Own Your Joy
Tell me a movie, book, TV series, or whatever that you think is perfect and I’ll tell you how it isn’t perfect.
When I post online that I liked a certain movie, TV series (or episode of a TV series), a book, etc etc etc, I frequently get at least one response along the lines of “It wasn’t perfect, but it was fun” or “I didn’t love it, but I liked it.” And honestly, I don’t know what to do with statements like that. When I say I like something, even when I say I love something, that doesn’t imply I think it’s perfect. If you say you like or love something, I don’t assume you think it’s the Platonic ideal and love everything single thing about it. You’re allowed to enjoy something without having to qualify it. You’re allowed to like something without having to also disparage it in some way. Own your enjoyment.
I recently saw Spider-Man: Into the Spider-Verse and Aquaman. I liked them both. A lot. Would I say they’re perfect? 100%? A+? Nope. Did both have some things I didn’t think were great? Sure. But overall, I thought the movies were really good, a lot of fun to watch, and whatever problems they had didn’t override that enjoyment. I save my complaints for the things I thought were only okay or didn’t care for at all.
(When I say they were a lot of fun to watch, I mean that as a very, very good thing. I don’t understand using “it was just fun” as if it were a side effect, not the main reason for watching or reading something. I’ve quit movies, TV series, books, and comics, even when I thought they were well done and had important things to say, because they weren’t fun to watch or read. If I want to do something that’s important but not fun, I’ll pay my bills and do my taxes.)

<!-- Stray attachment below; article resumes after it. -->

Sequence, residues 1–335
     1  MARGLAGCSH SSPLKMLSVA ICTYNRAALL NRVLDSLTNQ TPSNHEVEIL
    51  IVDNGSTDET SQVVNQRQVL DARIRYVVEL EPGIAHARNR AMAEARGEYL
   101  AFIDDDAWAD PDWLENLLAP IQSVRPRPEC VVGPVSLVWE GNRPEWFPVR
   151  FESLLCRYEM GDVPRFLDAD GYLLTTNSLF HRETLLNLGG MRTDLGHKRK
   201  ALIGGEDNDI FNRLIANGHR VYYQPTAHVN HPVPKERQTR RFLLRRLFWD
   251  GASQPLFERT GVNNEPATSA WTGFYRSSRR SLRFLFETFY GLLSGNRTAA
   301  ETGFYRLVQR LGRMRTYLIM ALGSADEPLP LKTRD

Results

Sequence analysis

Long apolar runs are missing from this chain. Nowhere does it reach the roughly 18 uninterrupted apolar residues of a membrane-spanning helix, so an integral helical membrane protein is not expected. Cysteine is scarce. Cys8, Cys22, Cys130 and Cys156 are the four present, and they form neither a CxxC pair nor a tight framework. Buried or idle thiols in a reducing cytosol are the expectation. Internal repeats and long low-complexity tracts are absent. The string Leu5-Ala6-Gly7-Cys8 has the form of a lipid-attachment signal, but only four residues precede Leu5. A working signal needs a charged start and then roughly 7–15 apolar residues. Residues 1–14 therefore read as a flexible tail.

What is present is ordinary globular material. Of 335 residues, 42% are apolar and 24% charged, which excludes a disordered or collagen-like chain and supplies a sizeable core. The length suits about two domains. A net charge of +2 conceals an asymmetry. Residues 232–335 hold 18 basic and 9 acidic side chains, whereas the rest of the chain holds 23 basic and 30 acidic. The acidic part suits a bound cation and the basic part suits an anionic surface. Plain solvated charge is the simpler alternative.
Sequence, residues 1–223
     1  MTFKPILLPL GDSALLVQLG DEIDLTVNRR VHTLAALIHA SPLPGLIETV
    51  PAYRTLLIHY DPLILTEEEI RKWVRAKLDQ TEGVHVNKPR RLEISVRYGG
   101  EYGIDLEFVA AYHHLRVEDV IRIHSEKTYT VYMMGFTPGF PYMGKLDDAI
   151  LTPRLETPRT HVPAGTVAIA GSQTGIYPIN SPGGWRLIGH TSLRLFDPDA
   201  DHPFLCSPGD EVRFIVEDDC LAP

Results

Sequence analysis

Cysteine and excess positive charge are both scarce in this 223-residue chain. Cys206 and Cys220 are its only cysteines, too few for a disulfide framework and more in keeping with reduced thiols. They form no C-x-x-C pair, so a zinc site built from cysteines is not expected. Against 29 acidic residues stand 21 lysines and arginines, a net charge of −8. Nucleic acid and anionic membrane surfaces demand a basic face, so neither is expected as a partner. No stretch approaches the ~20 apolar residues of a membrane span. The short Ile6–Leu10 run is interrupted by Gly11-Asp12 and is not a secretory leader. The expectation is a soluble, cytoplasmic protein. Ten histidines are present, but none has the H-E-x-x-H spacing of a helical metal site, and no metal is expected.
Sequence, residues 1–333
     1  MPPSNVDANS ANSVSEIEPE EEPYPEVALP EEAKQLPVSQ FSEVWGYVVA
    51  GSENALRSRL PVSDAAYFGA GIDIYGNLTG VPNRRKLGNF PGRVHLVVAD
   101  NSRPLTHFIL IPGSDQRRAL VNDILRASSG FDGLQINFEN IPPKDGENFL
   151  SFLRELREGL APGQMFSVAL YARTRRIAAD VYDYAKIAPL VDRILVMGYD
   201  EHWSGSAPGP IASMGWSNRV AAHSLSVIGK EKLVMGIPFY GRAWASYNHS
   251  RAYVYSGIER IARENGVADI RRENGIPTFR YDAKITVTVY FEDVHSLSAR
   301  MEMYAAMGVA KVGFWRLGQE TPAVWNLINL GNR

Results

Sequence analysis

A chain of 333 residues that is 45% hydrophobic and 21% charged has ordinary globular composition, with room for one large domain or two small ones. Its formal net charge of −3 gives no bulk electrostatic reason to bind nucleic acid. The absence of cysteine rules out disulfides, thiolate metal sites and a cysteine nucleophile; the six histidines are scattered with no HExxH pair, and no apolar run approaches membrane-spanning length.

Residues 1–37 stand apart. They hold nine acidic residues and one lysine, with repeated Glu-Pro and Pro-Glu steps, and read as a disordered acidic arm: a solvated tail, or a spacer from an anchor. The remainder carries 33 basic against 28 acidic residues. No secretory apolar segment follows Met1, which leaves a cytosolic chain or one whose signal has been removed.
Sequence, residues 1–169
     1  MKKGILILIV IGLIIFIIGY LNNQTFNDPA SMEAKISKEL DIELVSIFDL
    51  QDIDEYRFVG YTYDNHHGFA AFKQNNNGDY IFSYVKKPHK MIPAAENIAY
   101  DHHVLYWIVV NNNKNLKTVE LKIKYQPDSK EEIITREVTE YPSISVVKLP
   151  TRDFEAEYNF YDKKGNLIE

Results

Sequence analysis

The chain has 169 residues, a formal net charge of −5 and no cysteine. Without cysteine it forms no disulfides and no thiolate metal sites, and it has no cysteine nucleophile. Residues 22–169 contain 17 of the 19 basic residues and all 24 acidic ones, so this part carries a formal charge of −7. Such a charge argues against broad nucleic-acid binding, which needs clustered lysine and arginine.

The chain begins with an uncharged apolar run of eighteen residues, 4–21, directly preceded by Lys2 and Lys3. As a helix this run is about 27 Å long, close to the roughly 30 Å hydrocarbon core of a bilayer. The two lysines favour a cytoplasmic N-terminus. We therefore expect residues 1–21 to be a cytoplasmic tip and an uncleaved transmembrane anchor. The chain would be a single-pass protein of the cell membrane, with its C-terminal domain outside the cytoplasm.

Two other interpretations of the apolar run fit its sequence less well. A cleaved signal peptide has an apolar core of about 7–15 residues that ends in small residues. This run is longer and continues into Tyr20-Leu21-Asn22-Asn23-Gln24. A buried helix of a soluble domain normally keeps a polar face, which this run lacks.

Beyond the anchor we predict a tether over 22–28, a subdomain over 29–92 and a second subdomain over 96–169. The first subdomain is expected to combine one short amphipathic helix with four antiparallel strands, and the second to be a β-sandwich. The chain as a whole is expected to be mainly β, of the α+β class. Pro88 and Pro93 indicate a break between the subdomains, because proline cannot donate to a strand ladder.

Casablanca is one of my all-time favorite movies. I own it on DVD, but I’ll still watch it whenever I come across it on television. It has plot holes you could drive a truck through. There is some wooden acting in it (I’m looking at you, Paul Henreid). None of that overrides my love of the film and when I say I love it, why should I qualify that love by mentioning the plot holes or acting?
Doctor Who is my favoritest TV series ever. I might even go so far as to say it’s perfect. There are stories in the series that I don’t like. There are stories I think are pretty meh. Even the stories I love often have plot holes, flat characters, actors that gnaw on the scenery like starving rabbits, and endings that wrap up far too quickly (or, especially in the classic series, a lot of padding in the middle of stories). Hell, there are whole seasons of the show that I’m not fond of. The series overall can be very dated when it comes to things like gender, race, and sexuality. None of those things diminish my love for it. Now, when I’m raving about the show to someone who’s never seen it and they express an interest in watching it, I will give them the disclaimer that the series, especially the classic seasons, can be pretty sexist and racist at times. Otherwise, yes, I know the show isn’t perfect, but I don’t need to mention that when expressing my love of it.
Because there is no such thing as a perfect movie, book, TV show, comic book, play, etc etc etc. When you say you like something, perfection isn’t implied. What’s implied is “This thing is flawed, and maybe the flaws bother me and maybe they don’t, but overall I liked it.” Look, if you were telling someone “Josh is my friend”, would you qualify that with “I mean, he’s never on time and he often forgets things I tell him, five minutes after I tell him, but he’s fun to hang out with”? Isn’t the fact that I’m a flawed human being understood when you tell someone you like me? Why is it any different when you’re talking about media you like?
Imperfection is a given. Everything is flawed. That’s not a bug, that’s a fact of life, and you can even see that as part of the beauty of things. Don’t make the small stuff more important than it needs to be. Grab onto the things that make you happy and love them without reservation. Express that love without qualifying it. Stick around for joy.